• Value judgment of motives. This one usually takes a holier-than-thou form. Stuff like “You went into medicine for the wrong reasons.” This is also a tack used by non-physicians poking at docs for supposedly earning too much. I am 100 percent supportive of folks who think that being a doc—radiological or otherwise—should be some sort of monastic, self-sacrificial, noble thing. But if that’s your true feeling (and not envy as mentioned above), let it apply to you, and go admire other people who live up to your high standards. A lot of us went into this field because we had the talents and determination, knowing that we would make a good living while helping some patients. If that’s not enough for you, that’s your problem.
• Fear of public opinion. This one comes up a lot whenever rads are discussing work-related rewards online, especially compensation. The idea seems to be that, if you make things sound too good for yourself, any non-rads overhearing will somehow use that to take things away, not just from you, but from rads as a whole. In these conversations, it sometimes seems like anything qualifies as “too good.” If you’re earning, say, more than a public schoolteacher, some politician might see it and cut you down to size. My first response is that it does you no good to live in fear. Second, if you really think your comments on social media about having a decent lifestyle will enable the government or hospital admins to do anything they aren’t likely to do to you anyway, trust me, they need no such excuses.
• What about the other rads? What about the patients? This is the only semi-legit line of reasoning I have heard. True, any work not done by lifestyle rads will fall to others, and there is a shortage. However, supply/demand is a real dynamic. When there is a need for radwork on nights or weekends, the market will find a way to supply it. Alternatively, maybe the system will move to diminish unnecessary imaging, especially the many routine studies that get done in ERs and during off-hours with gratuitous “STAT” treatment.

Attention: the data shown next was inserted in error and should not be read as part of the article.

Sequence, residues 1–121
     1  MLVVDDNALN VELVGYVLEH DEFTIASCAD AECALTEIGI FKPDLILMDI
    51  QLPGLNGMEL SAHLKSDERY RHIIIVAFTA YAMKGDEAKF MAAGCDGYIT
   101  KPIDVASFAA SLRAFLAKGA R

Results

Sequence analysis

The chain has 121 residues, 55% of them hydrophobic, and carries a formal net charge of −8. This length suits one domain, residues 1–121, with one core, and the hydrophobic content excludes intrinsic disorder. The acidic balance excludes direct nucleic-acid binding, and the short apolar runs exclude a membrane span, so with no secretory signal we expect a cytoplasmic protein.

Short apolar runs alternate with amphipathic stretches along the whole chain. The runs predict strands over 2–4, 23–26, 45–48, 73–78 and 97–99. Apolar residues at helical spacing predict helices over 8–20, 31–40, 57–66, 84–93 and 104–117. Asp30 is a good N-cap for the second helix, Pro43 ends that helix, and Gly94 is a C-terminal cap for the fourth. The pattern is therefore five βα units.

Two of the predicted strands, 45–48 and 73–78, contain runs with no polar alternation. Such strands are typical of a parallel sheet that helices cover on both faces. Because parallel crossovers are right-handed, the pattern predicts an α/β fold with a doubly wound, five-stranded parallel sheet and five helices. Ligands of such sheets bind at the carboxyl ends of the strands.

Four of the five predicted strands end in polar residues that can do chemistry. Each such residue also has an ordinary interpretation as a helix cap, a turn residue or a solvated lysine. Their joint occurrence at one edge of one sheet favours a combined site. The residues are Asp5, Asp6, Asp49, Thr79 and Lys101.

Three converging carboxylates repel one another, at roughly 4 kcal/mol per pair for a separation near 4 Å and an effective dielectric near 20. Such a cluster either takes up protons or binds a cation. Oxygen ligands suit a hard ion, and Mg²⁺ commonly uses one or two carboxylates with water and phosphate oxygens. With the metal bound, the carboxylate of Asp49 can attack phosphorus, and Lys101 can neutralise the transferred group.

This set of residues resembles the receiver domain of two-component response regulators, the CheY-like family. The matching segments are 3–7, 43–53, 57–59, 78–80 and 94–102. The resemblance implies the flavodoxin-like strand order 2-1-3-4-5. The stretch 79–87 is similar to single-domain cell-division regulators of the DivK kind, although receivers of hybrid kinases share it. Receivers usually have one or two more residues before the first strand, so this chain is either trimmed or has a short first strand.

Meanwhile, plenty of rads do choose to work nights and weekends to cover those needs. Unless they opt otherwise, many of them work fewer hours than I do, and earn a higher rate. I did that myself earlier in my career and still cover weekends to this day (I’m actually typing this column a week in advance because I’m working both days next weekend when I would normally be writing). Technically speaking, I’m not a full-on lifestyle rad yet, but I have moved steadily in that direction.
It wasn’t my original intention. Sure, I like working normal weekday hours. But for nearly 20 years after my training, I put in a good share of nights and weekends, paying my dues to work toward something resembling partnership or executive status. Such things never materialized. Maybe I had them coming to me. Maybe not. But without that incentive, I am inclined to work the hours I want for the best available rate. If some folks disapprove, they are welcome to their opinion, just not my endorsement of it.